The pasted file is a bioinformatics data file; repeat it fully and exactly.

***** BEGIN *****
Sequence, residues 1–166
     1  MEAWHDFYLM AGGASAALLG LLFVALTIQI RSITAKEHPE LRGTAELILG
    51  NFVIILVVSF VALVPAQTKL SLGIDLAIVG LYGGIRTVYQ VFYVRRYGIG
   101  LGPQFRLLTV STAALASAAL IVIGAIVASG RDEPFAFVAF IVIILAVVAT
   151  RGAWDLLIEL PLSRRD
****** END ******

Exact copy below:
Sequence, residues 1–166
     1  MEAWHDFYLM AGGASAALLG LLFVALTIQI RSITAKEHPE LRGTAELILG
    51  NFVIILVVSF VALVPAQTKL SLGIDLAIVG LYGGIRTVYQ VFYVRRYGIG
   101  LGPQFRLLTV STAALASAAL IVIGAIVASG RDEPFAFVAF IVIILAVVAT
   151  RGAWDLLIEL PLSRRD